One immediate practical concern, Behary said, involves security. “I’ve often wondered how is he going to stay inside his Secret Service detail?” she said. “They don’t follow orders. Narcissistic people don’t take orders, they don’t follow orders — they may do it if it’s serving them and it’s convenient for them, but not when it feels uncomfortable. They’re not good with frustration. They don’t believe they should be able to follow the same rules as everyone else. There’s a lot of wonder and worry on my part and my colleagues who specialize in this area on how will he follow the detail of the Secret Service and stay within the boundaries?” As if on cue, shortly after I spoke with Behary, news broke that Trump had snuck out for a steak with his family without a member of his press pool — a potentially seriousbreach of protocol.
Overall, said Behary, she expected that Trump’s behavior will depend greatly both on how bored he is and how beloved he feels at a given moment. “If his favor goes up, it’s all good,” she said. “I still wonder what he’s going to do with the ants in his pants about needing a new shiny toy, because this type of person can’t stay still and follow monotonized routines, and so I can’t imagine — what’s he going to do without his celebrity-ship? That’s the part that’s really going to be interesting to follow. Will he have to create chaos and create situations and conditions so that he has to step forward? I don’t know. I just can’t imagine him staying still for that long.”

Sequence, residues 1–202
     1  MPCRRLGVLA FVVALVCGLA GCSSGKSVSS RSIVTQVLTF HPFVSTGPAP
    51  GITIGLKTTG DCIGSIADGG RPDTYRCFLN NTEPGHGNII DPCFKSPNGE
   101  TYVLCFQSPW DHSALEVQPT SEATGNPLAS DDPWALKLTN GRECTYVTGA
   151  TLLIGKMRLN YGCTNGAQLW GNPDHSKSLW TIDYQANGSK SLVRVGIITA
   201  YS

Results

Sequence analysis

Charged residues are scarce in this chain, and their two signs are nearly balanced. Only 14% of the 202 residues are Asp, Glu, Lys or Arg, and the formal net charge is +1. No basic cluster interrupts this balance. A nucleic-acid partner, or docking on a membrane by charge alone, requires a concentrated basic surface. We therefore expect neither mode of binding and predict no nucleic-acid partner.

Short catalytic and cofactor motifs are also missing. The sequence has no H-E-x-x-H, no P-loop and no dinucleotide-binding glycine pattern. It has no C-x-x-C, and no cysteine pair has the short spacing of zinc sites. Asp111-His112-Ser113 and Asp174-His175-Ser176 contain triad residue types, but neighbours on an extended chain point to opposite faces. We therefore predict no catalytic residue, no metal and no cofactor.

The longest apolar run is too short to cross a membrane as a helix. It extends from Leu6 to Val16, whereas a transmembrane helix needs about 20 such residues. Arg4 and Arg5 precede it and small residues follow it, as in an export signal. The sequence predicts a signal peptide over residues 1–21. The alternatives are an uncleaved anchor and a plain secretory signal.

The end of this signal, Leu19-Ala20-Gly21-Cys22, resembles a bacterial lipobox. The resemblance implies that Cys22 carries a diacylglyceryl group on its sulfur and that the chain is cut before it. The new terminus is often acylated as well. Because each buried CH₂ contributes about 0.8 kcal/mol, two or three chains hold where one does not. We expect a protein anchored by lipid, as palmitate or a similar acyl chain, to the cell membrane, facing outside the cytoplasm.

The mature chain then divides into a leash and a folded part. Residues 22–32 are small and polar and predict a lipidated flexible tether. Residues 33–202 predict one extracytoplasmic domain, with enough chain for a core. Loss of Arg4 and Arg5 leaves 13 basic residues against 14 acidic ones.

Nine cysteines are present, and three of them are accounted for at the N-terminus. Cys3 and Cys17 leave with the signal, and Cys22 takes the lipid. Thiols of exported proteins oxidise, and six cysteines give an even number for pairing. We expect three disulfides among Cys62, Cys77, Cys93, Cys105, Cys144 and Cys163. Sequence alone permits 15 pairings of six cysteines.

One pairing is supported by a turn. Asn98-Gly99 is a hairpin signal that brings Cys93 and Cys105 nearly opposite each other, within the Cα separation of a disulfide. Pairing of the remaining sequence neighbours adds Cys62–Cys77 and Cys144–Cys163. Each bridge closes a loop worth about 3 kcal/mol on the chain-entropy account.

Seems that Anita Hill wasn’t the only person harassed by Clarence Thomas. But he is also the justice least likely to resign over a scandal:
The anticipation of meeting a U.S. Supreme Court justice for the first time turned to shock and distress for a young Truman Foundation scholar in 1999 when, she says, Justice Clarence Thomas grabbed and squeezed her on the buttocks several times at a dinner party.